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8 Questions to Ask During Restaurant Interviews

By Ron Gorodesky

Asking revealing questions during interviews will reduce the risk of making a bad hire. Besides the traditional questions such as prior jobs and achievements, you must get an idea from the candidate what they value about their current job and what they would be looking for in a position with your restaurant. You might want to ask some "stress" questions to observe how a candidate would react under pressure.

Here are samples of questions to set you in the right direction:

1. What value could you bring to the restaurant? This could indicate a person's confidence level and find out about his/her creativity.

2. What was your greatest accomplishment at your last job? The answer to this question will tell you what is important to the candidate in terms of his/her goals.

3. Why are you leaving your current position? If you can determine why the candidate changed jobs in the past, you'll get a good idea of what motivates the him/her - more money, more responsibility or greater job security.

4. Give me three adjectives that describe yourself - This will give a feel for the candidate's personality.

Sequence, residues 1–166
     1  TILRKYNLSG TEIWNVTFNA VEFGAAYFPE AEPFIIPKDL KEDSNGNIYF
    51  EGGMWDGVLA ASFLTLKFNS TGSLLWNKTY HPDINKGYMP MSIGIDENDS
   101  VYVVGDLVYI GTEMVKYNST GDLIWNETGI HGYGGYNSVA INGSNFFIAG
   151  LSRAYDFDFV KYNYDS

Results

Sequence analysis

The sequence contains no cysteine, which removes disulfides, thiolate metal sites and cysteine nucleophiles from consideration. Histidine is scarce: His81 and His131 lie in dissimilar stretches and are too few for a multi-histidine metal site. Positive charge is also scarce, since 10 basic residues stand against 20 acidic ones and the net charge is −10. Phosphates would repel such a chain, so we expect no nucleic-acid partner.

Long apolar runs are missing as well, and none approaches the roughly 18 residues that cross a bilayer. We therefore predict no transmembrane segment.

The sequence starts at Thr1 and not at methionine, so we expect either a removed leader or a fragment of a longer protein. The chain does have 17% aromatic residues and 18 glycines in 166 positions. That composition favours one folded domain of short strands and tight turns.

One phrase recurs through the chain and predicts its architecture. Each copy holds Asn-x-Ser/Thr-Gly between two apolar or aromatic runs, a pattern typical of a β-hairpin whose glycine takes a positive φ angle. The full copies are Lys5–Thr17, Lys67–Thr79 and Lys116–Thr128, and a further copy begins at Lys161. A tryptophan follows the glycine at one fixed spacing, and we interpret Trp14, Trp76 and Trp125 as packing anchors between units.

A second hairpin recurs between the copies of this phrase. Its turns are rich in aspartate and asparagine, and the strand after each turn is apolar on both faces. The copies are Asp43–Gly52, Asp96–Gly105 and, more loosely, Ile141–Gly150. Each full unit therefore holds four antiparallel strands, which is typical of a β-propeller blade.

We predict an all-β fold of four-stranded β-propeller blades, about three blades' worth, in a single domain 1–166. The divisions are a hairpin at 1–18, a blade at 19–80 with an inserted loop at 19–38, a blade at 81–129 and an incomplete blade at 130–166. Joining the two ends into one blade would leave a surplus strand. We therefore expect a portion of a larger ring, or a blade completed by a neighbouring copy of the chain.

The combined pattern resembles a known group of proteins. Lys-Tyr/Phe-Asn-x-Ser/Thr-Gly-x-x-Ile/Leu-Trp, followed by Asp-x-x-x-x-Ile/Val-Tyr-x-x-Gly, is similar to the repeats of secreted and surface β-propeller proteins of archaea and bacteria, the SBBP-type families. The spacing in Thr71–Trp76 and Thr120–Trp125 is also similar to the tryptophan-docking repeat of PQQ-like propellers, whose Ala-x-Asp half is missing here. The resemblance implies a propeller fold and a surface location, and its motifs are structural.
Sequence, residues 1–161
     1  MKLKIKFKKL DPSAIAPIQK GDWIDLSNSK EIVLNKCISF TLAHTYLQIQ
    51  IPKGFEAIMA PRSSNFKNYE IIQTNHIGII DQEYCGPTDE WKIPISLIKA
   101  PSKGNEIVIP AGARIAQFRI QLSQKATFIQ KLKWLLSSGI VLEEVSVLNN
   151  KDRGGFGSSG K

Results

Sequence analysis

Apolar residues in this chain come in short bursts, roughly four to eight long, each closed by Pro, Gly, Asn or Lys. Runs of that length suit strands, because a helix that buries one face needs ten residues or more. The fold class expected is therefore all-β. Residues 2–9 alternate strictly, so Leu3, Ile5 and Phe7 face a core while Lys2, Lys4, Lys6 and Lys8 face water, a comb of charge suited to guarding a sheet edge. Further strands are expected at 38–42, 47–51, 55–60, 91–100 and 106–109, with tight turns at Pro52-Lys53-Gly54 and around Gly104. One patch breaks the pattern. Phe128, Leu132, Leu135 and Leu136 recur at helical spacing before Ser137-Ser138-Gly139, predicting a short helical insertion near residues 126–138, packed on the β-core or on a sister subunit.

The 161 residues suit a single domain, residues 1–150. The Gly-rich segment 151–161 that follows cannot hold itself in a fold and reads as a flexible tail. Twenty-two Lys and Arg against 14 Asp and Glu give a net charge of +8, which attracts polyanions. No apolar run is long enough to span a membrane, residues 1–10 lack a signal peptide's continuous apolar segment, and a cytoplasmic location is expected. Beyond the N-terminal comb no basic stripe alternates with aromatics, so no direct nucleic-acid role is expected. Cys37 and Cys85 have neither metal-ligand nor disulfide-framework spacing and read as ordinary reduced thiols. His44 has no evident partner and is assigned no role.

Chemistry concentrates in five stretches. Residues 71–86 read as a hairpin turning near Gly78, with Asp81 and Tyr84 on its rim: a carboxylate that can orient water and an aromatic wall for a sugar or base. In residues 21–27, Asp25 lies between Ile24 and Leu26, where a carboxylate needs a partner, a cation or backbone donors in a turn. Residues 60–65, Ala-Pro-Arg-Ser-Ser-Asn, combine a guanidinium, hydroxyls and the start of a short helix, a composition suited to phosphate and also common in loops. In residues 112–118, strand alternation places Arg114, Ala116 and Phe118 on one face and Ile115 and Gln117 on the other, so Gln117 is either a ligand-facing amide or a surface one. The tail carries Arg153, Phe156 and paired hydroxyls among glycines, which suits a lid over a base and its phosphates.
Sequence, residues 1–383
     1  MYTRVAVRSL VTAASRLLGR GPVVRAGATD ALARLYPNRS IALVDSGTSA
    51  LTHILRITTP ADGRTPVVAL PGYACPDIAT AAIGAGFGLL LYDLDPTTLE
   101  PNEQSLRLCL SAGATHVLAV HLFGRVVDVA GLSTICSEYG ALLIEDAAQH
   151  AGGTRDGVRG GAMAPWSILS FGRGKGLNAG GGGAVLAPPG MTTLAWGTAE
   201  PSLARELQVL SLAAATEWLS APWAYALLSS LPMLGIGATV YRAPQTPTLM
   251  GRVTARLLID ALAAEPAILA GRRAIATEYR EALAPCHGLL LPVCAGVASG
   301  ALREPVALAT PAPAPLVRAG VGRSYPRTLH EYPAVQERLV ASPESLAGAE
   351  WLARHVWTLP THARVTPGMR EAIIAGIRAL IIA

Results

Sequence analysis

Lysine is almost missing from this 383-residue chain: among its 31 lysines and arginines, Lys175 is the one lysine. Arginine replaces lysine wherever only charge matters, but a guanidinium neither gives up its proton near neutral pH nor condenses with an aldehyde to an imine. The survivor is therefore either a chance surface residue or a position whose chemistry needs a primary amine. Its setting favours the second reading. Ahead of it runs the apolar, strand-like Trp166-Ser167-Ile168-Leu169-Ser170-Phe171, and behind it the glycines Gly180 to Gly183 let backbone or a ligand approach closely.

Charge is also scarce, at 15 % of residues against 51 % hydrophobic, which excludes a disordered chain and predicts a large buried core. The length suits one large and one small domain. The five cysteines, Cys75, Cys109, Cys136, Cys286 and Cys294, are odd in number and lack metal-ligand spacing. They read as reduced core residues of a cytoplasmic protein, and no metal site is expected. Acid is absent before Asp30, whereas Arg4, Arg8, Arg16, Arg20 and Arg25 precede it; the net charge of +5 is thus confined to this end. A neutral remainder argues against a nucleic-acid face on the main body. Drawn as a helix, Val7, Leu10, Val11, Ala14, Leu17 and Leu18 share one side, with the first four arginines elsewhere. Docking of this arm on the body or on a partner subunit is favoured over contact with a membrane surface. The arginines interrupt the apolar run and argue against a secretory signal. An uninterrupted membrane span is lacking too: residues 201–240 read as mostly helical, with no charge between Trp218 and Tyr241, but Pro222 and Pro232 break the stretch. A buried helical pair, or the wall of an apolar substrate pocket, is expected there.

5. If you remained with your current employer, what would your next promotion be? This information could be used to formulate your offer. Also, you can tailor a job description to match a candidate's goals and sell this position to your prospective candidate.

6. On what issue do you disagree with your current boss most often? This questions gives you an indication of how the candidate handles authority.

7. What was your most satisfying evaluation and why? What about your most disappointing review? This will give you an idea of the candidates honesty and the type of skills he or she values.

8. How would your supervisor rate your ability to cope with last-minute changes? This will tell you how the candidate deals with stress and if he/she is a team player. Often in small business such as restaurants people wear many hats and you want a new hire to want to and be able to do that.

Ron Gorodesky is principal of Restaurant Advisory Services. RAS provides full-service consulting services to the restaurant and hospitality industries focusing on every aspect of the life cycle of restaurants and other hospitality organizations, from pre-opening and conceptual planning, to day-to-day operations, to design and brokerage.

Related Articles:

  • How To Sharpen Your Interview Skills
  • The Labor Drain and Its Effect on Service
  • Myths & Facts About Employee Turnover

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